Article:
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Jesuit ace is back on track

Published June 6, 2004

TAMPA - It's been more than a week since Jesuit pitcher Michael Branham left the Class 3A semifinal game after 10 of the worst pitches of his career.

Before he made it to the dugout, Legends Field was buzzing about what the performance had done to his draft status.

A little more than a week later, the answer seems to be not too much.

Branham worked out for the Devil Rays on Monday, throwing 25-30 pitches to live batters as scouts and upper management looked on at Tropicana Field.

The outing went well, his father, Mike said, as the control and velocity Branham has become famous for were reestablished.

Branham worked out for several other teams Thursday night in what Mike Branham described as a private workout and he will throw for the Yankees today at the team's minor-league complex on Himes Avenue.

The state semifinal meltdown may have only occurred 10 days ago but to Branham, it might as well have been 10 months.

"He's put everything behind him," his father said. "To him, it's all in the past."

He said the calls from scouts the past week have been as steady as before the state tournament.

And, instead of press for details as to what happened that night, Mike Branham said the inquiries are directed at his son's well-being.

"The calls I got were not about baseball at all," he said. "They've been more concerned with how he's doing. They've expressed a lot of concern for him and how he's handling everything."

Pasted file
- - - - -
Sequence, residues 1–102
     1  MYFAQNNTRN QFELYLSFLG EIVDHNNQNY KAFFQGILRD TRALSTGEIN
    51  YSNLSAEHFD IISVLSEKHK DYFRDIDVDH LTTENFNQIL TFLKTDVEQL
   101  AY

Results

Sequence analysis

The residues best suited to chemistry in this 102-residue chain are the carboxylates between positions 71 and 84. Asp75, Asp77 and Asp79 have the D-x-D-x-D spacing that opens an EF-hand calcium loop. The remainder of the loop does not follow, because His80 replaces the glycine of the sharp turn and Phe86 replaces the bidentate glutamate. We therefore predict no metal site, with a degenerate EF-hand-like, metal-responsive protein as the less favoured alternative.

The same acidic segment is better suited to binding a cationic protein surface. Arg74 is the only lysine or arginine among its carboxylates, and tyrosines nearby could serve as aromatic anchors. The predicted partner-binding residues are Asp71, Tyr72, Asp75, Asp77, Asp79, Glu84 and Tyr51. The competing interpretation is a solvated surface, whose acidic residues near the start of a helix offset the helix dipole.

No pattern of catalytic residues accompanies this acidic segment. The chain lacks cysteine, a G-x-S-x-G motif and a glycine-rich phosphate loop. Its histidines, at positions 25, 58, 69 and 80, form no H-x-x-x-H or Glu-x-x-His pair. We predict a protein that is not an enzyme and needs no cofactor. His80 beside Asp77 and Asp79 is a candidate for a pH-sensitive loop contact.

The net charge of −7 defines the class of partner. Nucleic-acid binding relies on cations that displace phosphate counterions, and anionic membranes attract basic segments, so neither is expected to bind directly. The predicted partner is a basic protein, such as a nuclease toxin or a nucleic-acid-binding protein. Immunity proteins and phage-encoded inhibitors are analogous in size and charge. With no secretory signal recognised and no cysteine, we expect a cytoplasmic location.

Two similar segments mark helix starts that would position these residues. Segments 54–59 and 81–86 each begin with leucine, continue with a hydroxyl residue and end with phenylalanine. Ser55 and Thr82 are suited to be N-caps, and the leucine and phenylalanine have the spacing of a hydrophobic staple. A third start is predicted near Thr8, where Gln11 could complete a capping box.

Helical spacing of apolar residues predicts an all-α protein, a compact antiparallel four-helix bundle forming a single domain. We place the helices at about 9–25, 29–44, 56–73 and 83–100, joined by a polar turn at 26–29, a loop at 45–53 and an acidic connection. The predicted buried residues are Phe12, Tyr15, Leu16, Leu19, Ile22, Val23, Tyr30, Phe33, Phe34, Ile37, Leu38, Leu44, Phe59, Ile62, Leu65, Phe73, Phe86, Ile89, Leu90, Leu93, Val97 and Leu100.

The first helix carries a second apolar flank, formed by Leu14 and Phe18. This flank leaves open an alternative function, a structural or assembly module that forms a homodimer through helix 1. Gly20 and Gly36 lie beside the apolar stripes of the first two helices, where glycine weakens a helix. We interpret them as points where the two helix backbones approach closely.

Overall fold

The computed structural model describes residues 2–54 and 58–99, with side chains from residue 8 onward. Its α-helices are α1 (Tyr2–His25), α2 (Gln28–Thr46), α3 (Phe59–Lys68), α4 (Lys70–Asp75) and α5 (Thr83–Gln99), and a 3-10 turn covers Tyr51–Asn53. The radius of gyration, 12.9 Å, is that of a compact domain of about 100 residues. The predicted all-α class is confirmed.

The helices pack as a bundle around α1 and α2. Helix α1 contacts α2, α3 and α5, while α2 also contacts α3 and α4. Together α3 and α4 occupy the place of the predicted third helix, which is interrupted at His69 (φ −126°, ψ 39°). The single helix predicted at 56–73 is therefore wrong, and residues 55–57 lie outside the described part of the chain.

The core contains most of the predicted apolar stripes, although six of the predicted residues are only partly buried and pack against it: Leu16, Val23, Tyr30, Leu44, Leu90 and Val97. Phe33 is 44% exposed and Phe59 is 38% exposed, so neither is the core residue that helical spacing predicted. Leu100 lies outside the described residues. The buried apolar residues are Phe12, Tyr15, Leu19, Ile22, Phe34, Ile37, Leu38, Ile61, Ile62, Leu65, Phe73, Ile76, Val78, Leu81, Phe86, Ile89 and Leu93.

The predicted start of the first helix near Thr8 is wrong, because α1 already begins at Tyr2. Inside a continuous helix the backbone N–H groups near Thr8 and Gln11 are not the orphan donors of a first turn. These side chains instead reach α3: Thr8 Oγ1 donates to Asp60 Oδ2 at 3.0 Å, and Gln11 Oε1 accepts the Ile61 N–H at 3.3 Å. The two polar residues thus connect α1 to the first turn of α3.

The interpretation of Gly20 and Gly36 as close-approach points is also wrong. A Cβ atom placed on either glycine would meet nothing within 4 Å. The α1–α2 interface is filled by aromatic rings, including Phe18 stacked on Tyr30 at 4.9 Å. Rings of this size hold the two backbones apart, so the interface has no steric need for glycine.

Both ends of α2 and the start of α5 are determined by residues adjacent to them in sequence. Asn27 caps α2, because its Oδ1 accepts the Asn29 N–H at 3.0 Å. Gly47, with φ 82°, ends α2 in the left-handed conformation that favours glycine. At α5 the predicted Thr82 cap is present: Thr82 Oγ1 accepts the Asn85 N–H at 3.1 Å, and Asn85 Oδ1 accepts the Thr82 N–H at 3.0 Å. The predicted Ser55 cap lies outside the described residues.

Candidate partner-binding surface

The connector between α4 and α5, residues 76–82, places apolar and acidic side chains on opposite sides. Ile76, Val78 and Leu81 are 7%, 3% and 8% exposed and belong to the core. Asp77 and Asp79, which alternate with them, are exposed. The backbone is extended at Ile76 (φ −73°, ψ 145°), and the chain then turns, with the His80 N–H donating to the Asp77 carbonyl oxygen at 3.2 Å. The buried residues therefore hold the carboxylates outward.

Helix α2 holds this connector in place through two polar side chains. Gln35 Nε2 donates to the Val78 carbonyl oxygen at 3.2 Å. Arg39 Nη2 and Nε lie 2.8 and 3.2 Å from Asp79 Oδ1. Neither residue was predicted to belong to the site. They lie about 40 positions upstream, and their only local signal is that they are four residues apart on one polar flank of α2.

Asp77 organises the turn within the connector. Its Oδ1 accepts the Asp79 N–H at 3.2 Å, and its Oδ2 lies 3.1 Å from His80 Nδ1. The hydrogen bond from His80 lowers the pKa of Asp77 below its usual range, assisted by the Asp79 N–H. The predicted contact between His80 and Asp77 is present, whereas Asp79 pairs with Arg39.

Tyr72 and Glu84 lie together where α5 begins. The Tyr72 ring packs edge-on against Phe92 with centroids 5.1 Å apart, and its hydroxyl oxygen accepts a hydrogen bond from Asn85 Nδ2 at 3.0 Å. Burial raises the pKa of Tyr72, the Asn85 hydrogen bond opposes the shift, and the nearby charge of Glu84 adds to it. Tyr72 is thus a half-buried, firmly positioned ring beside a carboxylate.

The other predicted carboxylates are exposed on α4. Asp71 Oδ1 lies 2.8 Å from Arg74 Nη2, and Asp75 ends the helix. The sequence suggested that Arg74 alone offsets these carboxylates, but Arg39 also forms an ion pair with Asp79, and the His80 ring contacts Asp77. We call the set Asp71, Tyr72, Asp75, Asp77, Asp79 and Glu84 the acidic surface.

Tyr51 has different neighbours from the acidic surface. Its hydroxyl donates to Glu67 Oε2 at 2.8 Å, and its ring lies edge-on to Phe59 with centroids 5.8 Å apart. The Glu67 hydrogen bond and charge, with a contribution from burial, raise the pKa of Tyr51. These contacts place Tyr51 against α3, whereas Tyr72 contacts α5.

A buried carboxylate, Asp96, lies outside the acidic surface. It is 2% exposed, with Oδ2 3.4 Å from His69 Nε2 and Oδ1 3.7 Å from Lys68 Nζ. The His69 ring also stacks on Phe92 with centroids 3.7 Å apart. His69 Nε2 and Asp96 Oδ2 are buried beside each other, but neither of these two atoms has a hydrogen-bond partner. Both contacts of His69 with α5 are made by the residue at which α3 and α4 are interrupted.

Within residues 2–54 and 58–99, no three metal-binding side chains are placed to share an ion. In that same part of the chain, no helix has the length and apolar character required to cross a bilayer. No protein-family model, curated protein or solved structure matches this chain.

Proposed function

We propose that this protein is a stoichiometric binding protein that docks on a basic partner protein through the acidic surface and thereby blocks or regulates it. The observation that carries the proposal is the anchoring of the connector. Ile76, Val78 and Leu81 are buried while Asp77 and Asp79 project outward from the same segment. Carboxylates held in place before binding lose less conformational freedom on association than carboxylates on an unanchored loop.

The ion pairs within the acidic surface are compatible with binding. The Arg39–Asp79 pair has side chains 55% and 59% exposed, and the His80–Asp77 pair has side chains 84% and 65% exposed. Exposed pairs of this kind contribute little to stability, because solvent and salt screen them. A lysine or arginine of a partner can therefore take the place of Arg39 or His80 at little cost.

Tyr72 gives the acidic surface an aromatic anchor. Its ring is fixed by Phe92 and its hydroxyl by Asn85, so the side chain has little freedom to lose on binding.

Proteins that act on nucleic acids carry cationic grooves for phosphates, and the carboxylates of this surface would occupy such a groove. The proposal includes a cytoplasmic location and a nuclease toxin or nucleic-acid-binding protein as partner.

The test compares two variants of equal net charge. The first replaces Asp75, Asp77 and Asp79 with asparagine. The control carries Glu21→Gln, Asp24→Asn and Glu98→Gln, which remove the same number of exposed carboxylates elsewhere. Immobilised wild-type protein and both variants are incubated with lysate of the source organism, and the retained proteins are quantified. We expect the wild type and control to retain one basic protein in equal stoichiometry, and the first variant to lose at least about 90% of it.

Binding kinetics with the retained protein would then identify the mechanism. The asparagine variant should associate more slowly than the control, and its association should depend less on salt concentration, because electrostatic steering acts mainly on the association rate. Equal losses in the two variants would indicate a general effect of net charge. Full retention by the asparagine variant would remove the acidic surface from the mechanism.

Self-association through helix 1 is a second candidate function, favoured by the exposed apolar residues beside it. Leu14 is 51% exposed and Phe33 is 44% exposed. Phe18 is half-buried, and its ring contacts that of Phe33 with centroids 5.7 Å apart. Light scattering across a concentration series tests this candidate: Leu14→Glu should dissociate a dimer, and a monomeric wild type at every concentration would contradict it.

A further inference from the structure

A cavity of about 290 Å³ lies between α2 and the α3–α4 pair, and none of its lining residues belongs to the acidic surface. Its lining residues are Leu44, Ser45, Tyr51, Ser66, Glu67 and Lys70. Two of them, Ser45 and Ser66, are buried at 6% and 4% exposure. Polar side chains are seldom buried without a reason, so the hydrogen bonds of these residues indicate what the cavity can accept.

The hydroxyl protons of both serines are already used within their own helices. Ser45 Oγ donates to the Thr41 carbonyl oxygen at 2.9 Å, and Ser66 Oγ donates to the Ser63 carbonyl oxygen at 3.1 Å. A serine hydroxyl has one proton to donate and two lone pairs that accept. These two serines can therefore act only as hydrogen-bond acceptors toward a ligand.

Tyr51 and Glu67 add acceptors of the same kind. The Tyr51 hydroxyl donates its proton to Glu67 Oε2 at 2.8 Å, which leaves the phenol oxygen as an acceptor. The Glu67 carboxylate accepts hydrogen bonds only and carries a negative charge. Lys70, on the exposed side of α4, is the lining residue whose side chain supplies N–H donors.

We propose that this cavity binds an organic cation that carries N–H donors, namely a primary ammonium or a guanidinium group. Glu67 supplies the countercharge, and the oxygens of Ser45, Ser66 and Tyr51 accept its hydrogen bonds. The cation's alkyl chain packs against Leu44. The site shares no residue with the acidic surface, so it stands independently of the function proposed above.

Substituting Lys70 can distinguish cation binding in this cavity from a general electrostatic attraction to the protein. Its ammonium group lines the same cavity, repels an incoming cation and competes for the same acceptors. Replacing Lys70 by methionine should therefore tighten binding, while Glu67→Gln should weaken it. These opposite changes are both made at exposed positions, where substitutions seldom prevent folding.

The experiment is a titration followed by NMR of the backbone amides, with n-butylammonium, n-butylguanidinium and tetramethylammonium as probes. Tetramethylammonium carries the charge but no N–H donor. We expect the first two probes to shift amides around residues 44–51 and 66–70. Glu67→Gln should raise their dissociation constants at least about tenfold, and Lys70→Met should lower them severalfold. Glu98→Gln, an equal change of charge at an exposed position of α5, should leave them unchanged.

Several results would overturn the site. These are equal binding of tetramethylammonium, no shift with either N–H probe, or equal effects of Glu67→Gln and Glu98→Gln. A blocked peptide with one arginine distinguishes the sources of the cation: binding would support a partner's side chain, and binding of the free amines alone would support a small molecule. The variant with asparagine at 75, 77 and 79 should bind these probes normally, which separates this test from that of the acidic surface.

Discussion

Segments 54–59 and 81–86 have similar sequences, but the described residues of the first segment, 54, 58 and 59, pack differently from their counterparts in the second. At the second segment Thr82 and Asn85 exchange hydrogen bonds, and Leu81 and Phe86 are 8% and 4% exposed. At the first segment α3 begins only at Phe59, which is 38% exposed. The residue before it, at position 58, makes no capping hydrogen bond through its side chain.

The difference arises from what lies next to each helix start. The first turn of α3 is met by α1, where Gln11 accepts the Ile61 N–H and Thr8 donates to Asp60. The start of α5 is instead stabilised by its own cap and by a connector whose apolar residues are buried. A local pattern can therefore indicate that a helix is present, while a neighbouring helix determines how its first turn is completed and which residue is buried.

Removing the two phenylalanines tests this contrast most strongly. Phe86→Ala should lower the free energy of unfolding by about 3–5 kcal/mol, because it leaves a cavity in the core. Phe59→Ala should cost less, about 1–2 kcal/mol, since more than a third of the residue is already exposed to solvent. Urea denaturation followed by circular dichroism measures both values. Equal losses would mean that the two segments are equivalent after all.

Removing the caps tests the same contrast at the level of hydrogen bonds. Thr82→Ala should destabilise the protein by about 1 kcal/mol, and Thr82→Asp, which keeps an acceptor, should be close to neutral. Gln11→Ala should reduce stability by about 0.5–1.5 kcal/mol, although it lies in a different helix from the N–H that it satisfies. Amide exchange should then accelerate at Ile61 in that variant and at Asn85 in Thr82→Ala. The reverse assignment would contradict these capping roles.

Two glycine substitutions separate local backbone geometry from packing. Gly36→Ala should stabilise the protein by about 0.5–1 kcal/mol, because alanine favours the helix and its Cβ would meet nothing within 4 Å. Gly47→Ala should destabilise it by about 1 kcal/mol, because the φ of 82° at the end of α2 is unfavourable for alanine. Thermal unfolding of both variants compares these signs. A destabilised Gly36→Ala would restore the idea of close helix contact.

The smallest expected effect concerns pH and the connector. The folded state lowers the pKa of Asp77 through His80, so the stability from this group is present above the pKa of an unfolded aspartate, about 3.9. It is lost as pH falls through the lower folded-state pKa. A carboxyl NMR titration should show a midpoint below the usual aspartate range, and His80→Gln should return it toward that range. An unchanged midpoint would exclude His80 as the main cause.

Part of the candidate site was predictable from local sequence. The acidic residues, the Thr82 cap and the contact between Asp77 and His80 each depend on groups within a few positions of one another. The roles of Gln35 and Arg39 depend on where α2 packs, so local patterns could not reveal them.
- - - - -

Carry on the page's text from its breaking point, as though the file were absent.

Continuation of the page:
Baseball America has projected Branham as a second- to fifth-round selection all season. He finished the year with an 11-2 record (with one save) and 160 strikeouts in 792/3 innings.

His ERA rose to 1.05 after allowing two earned runs - his 11th and 12th of the season - in the state semifinal.

It is unclear how much, or if at all, one outing can affect draft status, but Mike Branham said that is something the family isn't concerned with now.

"We have no expectations, no illusions," he said. "It will be nice to just get it all over over with. Whatever happens, happens. We have no control over anything at this point."

Plus, as the Branhams have said all along, the worst thing that can happen is Michael ends up playing at the University of Florida, where he has a scholarship waiting.

WORTH THE WAIT: Eric Beattie's decision to not sign with the Devil Rays and head to the University of Tampa turned out to be a good one.

Perhaps 46 rounds better.

Beattie was drafted in the 47th round by Tampa Bay out of Riverview High in 2001 but opted to throw for the Spartans. Not too many people blame him for the move.

Beattie led all Division II pitchers with 15 wins last year, then led the Cape Cod League with a 0.39 ERA. His best pitch is his fastball and his biggest attribute is the fact he can throw it virtually anywhere he wants. Some are projecting his ability to be of Double-A caliber right now.

This season he is 10-5 with a 3.38 ERA and 127 strikeouts in 104 innings.

He is projected as a possible first-round selection.

FACE IN THE CROWD: Last week, former Seminole High standout Keith Stegbauer was featured in Sports Illustrated's "Faces in the Crowd" segment.

A senior at Central Connecticut, Stegbauer was leading the NCAA's Division I with 1.46 runs scored per game, and his .436 averaged ranked sixth in the nation at the time.

The exposure was nice, but it wasn't enough to boost Stegbauer's draft status.

Baseball America does not have him listed among the top 15 players in lower New England. Stegbauer still could be drafted, but it may come in the lower rounds.

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